His professional life isn’t going much better: He’s taken on wealthy Gilda Dalrymple, daughter of the hospital chief of staff, as a patient. He induces her labor for no medical reason, which is ethically and medically dicey, and messes up the dosing of the oxytocin. Needless to say, Gilda’s labor progresses too fast, her cervix tears, and she will never be able to have another child. Not only that, but her son turns out to have Down syndrome: “He was—dear God—he was an idiot!” Which is apparently worse than if he’d been stillborn, as Gilda lapses into a near coma of depression and grief and refuses to see the baby. Shelby’s career is in tatters, so he proposes to Linda—she’s become good friends with Gilda during Gilda’s long stay in the hospital, and “maybe she could put a good word in for him. Yes, it might be a very good thing for Dr. Shelby Tailor to be engaged to Linda Shore.”
Linda saves the day, of course, by gently encouraging Gilda to care for her son and by taking Gilda and her son out to see Adam and Teddy at the house in the country. Adam helps talk sense into Gilda, diagnosing her with postpartum depression, which her illustrious doctor failed to pick up. For his part, “Teddy, who loved everybody, leaned against Gilda’s knee, and slowly she overcame her revulsion for his braces and jerking movements, and her arms went around him.” Gilda stays at the farm for a week, with Linda there to nurse her, and soon she’s everything a new mother should be.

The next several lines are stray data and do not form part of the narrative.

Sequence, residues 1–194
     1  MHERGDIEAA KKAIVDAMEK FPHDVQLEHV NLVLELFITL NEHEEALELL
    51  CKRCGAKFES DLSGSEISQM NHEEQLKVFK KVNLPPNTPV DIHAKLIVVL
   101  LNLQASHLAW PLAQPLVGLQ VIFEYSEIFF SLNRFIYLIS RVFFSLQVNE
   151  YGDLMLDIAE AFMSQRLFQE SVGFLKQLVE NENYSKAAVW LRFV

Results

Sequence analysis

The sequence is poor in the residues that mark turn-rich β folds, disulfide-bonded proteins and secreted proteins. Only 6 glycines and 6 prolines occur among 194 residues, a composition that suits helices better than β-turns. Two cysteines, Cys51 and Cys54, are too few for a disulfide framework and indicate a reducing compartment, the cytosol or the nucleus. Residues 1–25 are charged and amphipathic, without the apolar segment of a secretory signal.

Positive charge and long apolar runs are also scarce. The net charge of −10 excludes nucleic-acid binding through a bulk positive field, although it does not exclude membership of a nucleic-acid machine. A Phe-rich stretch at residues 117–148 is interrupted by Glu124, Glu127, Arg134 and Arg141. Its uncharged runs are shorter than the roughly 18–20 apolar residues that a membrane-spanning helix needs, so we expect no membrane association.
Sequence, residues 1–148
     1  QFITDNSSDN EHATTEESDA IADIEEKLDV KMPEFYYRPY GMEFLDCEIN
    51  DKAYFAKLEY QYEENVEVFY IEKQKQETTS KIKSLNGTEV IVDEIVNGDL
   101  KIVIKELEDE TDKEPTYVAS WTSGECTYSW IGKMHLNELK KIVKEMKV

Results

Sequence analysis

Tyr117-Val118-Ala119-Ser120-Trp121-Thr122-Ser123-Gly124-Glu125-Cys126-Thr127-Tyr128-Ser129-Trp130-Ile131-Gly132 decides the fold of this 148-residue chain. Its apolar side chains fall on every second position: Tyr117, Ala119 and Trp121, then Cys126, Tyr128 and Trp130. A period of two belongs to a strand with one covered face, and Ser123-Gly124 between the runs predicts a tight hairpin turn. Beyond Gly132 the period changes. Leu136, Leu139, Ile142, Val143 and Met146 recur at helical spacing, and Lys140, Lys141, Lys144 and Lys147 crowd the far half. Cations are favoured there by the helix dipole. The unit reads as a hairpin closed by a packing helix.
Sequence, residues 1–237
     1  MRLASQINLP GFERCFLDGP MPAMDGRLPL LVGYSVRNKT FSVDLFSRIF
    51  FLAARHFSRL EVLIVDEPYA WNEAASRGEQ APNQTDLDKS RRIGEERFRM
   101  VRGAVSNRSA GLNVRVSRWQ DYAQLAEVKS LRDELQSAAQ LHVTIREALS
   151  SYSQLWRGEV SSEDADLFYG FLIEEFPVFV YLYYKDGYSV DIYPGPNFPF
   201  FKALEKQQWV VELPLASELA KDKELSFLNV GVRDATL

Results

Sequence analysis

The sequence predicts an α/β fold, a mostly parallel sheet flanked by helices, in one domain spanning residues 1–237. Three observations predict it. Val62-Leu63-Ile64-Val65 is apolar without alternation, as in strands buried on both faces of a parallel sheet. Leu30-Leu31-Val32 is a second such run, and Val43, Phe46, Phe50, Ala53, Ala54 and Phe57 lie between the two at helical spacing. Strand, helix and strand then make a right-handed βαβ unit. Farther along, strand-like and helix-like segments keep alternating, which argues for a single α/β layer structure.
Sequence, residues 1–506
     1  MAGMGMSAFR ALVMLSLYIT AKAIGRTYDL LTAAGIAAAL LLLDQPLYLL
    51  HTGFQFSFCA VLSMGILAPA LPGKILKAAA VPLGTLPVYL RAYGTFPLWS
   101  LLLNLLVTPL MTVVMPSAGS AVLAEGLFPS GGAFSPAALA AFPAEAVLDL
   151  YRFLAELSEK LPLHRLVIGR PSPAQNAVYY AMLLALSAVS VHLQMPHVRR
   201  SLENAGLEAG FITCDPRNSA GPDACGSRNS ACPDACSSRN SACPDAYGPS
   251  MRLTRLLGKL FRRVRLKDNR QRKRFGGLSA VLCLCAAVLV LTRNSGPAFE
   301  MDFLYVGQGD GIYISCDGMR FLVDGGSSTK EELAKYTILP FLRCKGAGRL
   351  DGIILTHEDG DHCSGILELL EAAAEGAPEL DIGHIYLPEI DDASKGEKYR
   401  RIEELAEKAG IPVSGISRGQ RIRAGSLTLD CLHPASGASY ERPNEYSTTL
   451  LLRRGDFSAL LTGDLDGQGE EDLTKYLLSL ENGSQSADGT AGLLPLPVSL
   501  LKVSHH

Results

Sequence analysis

Now all that we have to do is push Linda into Adam’s arms, and what better to do that than a classic VNRN device, the natural disaster? A tornado blows through, destroying Adam’s farm—and the Black Cat, a seedy nightclub, where Robin and Shelby were, coincidentally, out on a date! Robin winds up in the hospital and, in her panic, blurts the affair to Linda, which finally wakes up our pathetic heroine. She dumps Shelby, who departs for Mississippi, and Gilda and her father are so grateful to her and Adam for their help that they fund the transformation of the destroyed farm into the John Dalrymple rehabilitation center for handicapped children, named after Gilda’s son. Adam offers her a job there as head nurse, and she accepts—thinking of the years she will devote to her career instead of a husband. And if Linda finishes the book with a broken heart instead of an engagement ring, we understand Adam will wait for her.
It’s a sweet ending, one of the better ones I’ve encountered, particularly since it doesn’t brush off her love for Shelby with a flick of the pen the way most VNRN writers do. The writing here is steady and enjoyable, if not the most exciting. Patti Stone’s prior four books (Nina Grant, Pediatric Nurse; Sandra, Surgical Nurse; Judy George, Student Nurse; and Big Town Nurse) have earned either a B+ or a C, and this is definitely good enough to win the former mark.